--A. A. Barnes, Battery G., Third United States Artillery

Filipino soldiers were not the only ones to bear the brunt of American brutality. Approximately 200,000 Filipino civilians were also killed in the conflict; estimates range as high as several million. Many died from starvation and disease caused by the war, but in many cases American soldiers were more directly responsible. Rape, looting, and murder often followed the capture of towns.

"The soldiers made short work of the whole thing. They looted every house, and found almost everything, from a pair of wooden shoes up to a piano, and they carried everything off or destroyed it. Talk of the natives plundering the towns: I don't think they are in it with the Fiftieth Iowa."
--Guy Williams of the Iowa Regiment
Filipino villages were usually the only available targets for frustrated American troops, and burning villages was commonplace, both as reprisal for attacks and to deprive guerrillas of supplies and shelter. American ingenuity was responsible for the creation of a new weapon for this purpose--a steam fire-fighting engine converted to spray highly flammable petroleum on the villages. When Americans fell into an ambush, nearby barrios were ordered burned. If an American was found murdered in one of the towns, that town was burned.
"When you can realize four hundred or five hundred persons living within the confines of five or six blocks, and then an order calling out all of the women and children, and then setting fire to houses and shooting down any niggers attempting to escape from the flames, you have an idea of Filipino warfare."
--Sergeant Will A. Rule, Co. H, Colorado Volunteers

Especially in the later stages of the war, civilians were often massacred regardless of sex or age. Suspected Filipinos were often executed without trial or evidence--Funston once bragged to reporters that he had personally hanged 35 civilians presumed to be insurrectos. In the early stages of the war commanders tried to prevent this, but as the conflict dragged on and the Filipinos were viewed with increasing hatred, such acts became increasingly common. When General Adna Chaffee took command in July of 1901, he deemed such total warfare necessary. The “kill and burn” policy on the island of Samar was responsible for countless civilian deaths. In summer of 1901, junior officers’ reprisal acts enraged the “pacified” islands of Bohol, Cebu, and Marinduque and spurred them to new rebellion. The United States had seen war before, but it was this kind of cruelty that set the Philippines conflict apart. A nation based on the concepts of democracy and freedom soon fell into the same category with the Spanish in Cuba and the British in South Africa.

"I am not afraid, and am always ready to do my duty, but I would like some one to tell me what we are fighting for."
--Arthur H. Vickers, Sergeant in the First Nebraska Regiment


"Company I had taken a few prisoners, and stopped. The colonel ordered them up in to line time after time, and finally sent Captain Bishop back to start them. There occurred the hardest sight I ever saw. They had four prisoners, and didn't know what to do with them. They asked Captain Bishop what to do, and he said: 'You know the orders,' and four natives fell dead."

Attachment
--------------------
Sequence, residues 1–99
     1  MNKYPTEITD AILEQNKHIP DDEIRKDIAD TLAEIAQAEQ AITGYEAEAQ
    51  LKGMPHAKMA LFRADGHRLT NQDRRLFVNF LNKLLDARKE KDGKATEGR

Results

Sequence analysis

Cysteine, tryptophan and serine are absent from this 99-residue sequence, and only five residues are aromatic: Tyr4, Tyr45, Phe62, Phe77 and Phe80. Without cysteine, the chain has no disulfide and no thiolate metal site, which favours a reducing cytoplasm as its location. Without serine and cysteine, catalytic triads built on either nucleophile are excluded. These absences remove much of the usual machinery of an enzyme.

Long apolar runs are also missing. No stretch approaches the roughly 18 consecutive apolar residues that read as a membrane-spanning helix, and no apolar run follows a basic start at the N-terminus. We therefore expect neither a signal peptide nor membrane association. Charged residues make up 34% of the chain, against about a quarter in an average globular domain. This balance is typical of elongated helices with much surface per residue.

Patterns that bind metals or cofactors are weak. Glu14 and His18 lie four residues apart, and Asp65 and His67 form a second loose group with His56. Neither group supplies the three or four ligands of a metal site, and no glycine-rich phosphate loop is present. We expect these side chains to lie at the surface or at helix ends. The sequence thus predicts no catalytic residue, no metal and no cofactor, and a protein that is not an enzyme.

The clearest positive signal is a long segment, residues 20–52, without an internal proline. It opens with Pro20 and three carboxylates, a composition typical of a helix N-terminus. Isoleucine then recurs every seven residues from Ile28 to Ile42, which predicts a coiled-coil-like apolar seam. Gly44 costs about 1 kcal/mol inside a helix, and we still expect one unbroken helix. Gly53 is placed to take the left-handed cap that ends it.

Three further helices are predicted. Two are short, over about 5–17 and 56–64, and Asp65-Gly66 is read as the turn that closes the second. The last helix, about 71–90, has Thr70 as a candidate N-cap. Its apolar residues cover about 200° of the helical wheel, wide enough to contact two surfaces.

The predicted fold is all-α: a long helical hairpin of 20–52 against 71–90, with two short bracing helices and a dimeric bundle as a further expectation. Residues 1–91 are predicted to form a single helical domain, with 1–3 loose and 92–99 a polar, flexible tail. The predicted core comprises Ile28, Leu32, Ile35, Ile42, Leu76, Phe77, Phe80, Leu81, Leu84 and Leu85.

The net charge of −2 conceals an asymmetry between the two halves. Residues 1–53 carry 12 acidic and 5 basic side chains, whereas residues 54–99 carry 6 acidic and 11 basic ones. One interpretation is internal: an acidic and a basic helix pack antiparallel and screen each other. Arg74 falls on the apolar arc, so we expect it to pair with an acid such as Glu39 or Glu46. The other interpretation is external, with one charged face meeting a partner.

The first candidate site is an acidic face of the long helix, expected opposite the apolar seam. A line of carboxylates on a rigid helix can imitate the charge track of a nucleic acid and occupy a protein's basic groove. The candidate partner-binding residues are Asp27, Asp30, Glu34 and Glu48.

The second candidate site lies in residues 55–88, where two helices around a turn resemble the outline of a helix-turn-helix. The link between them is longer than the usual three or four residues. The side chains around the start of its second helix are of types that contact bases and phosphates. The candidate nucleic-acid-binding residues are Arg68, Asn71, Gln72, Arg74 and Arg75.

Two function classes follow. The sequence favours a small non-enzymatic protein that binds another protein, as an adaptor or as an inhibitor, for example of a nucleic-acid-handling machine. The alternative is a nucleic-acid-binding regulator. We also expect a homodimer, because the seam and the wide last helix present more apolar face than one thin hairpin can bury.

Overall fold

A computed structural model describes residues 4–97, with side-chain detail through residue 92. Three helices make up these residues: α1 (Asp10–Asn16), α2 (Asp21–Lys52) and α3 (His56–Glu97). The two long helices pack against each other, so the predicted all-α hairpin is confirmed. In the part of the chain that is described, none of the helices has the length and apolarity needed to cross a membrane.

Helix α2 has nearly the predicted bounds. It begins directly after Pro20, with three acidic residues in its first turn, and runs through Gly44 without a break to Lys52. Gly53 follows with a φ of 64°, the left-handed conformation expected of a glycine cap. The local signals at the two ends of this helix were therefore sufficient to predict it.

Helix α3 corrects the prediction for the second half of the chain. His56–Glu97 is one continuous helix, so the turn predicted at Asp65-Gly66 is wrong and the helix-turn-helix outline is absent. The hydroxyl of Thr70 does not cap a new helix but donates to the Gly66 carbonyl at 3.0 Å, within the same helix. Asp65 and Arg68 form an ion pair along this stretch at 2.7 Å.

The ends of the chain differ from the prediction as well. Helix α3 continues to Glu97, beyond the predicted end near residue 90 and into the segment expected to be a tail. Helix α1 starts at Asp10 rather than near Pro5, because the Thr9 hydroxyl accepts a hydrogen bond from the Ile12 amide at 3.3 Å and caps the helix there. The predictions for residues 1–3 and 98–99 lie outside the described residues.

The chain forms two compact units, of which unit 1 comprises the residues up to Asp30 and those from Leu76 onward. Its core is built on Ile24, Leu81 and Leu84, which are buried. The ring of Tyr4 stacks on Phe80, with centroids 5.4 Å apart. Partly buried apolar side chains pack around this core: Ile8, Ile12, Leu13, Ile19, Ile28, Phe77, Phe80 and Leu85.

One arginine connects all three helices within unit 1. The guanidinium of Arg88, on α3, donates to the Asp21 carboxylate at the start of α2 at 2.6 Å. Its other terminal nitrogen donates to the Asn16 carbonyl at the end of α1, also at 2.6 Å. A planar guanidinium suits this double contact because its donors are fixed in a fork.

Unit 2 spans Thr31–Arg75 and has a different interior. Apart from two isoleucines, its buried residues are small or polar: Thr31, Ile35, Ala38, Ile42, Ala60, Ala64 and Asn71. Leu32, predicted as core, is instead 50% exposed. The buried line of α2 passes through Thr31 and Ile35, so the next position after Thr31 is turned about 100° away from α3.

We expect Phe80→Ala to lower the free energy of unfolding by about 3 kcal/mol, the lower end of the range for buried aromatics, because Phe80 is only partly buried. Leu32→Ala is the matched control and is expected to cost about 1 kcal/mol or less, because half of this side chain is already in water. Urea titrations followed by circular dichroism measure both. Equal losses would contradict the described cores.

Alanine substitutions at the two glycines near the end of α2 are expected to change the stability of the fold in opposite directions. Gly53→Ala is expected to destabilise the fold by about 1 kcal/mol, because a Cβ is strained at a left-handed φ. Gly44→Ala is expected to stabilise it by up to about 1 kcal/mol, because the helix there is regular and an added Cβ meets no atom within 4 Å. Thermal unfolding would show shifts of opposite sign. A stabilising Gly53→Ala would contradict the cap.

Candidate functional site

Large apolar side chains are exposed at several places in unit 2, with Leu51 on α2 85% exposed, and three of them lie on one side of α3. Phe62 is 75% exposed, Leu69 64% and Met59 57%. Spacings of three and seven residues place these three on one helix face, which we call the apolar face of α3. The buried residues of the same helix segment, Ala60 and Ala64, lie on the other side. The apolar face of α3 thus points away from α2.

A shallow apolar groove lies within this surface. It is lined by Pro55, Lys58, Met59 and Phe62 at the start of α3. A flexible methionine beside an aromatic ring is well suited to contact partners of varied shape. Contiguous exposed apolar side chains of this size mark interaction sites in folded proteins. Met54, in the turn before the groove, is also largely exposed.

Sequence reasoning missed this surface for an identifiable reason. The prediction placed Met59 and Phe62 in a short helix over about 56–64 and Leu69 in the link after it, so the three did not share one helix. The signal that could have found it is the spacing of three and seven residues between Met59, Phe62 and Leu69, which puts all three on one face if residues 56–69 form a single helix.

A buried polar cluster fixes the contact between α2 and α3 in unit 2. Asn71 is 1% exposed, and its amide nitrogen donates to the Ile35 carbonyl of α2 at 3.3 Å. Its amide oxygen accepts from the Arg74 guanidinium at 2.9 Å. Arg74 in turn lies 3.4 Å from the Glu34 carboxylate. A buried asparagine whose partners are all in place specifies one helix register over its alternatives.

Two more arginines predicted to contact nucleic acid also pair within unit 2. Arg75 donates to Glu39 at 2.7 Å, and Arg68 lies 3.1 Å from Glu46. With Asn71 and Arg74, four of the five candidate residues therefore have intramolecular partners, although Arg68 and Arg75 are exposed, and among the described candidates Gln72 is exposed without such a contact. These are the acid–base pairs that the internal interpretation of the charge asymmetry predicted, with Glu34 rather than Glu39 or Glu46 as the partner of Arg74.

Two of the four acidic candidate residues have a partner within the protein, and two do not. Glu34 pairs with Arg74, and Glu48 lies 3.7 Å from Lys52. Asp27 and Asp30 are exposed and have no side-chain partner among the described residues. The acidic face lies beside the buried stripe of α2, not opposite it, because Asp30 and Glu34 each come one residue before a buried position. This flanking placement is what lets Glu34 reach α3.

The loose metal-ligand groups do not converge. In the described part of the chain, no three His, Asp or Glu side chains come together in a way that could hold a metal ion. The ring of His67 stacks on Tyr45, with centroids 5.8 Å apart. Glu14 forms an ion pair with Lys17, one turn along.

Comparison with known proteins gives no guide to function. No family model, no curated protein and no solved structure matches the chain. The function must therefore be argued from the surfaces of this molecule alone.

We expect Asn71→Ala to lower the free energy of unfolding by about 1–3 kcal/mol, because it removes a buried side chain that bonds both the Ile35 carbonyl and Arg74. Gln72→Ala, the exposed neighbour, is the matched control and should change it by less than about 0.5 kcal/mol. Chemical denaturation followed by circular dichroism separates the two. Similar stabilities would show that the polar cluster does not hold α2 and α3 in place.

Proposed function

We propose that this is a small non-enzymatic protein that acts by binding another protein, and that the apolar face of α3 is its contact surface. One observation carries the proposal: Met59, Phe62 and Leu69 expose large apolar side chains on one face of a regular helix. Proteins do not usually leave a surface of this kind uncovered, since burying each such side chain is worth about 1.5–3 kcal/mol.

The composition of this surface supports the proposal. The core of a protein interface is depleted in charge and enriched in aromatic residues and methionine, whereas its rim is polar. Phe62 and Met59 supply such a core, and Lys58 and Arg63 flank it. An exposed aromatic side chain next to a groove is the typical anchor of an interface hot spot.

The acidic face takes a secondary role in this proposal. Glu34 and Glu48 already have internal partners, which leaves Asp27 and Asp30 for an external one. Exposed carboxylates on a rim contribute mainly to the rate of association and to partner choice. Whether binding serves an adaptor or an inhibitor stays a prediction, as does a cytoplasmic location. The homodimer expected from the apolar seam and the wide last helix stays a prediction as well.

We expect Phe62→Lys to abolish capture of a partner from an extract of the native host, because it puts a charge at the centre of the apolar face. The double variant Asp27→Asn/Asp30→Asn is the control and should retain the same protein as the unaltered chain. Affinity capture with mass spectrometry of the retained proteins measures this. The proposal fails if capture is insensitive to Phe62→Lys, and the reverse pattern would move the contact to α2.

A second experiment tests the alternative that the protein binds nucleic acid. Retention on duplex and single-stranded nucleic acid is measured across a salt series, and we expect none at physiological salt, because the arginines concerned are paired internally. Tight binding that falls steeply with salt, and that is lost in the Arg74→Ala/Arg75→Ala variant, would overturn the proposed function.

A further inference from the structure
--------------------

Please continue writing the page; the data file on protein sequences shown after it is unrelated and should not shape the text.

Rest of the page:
--Charles Bremer, of Minneapolis, Kansas, describing the fight at Caloocan

When the war began and both sides were still fighting a conventional war, treatment of prisoners was fairly humane. However, as the war wore on and changed in character, Americans adopted crueler methods. Filipino prisoners became rarer and rarer. Filipinos who tried to surrender were often gunned down, just as if they had continued to fight.

"I don't know how many men, women, and children the Tennessee boys did kill. They would not take any prisoners. One company of the Tennessee boys was sent to headquarters with thirty prisoners, and got there with about a hundred chickens and no prisoners."
--Leonard F. Adams, of Ozark, in the Washington Regiment
Those captured were often no more fortunate. Prisoner of war status was often withheld from Filipinos because of General Order 100. This order was created during the Civil War and allowed for the execution of enemies employing guerrilla tactics, such as dressing as civilians and returning home between battles. Those who were taken lived in constant danger of execution; either on a whim, or as retaliation for an attack on Americans. One example was the execution of 24 Filipino P.O.W.’s by Colonel Funston, after American Lieutenant Kohler was led into a Filipino trap and hacked to death by bolomen.

In contrast, Filipinos kept American prisoners in relative comfort. They were fed well and often offered commissions into the Filipino army; three accepted. In 1899, Aguinaldo invited four independent journalists to inspect the prisoner’s accommodations. They found that the captives were “treated more like guests that prisoners." Aguinaldo released some prisoners in order to spread the word of their kind treatment under the Filipinos. After Aguinaldo was captured, the Filipinos rarely took prisoners; mostly because they never had the opportunity. However, Filipino treatment of prisoners became much harsher in the later stages of the war, especially in Batangas. Filipino General Malvar had to issue a proclamation providing for swift punishment of any Batangueño soldiers violating laws of warfare, in response to Filipinos shooting surrendering Americans and mistreating prisoners.

"We bombarded a place called Malabon, and then we went in and killed every native we met, men, women, and children. It was a dreadful sight the killing of those poor creatures. The natives captured some of the Americans and literally hacked them to pieces, so we got orders to spare no one."
--Anthony Michea, of the Third Artillery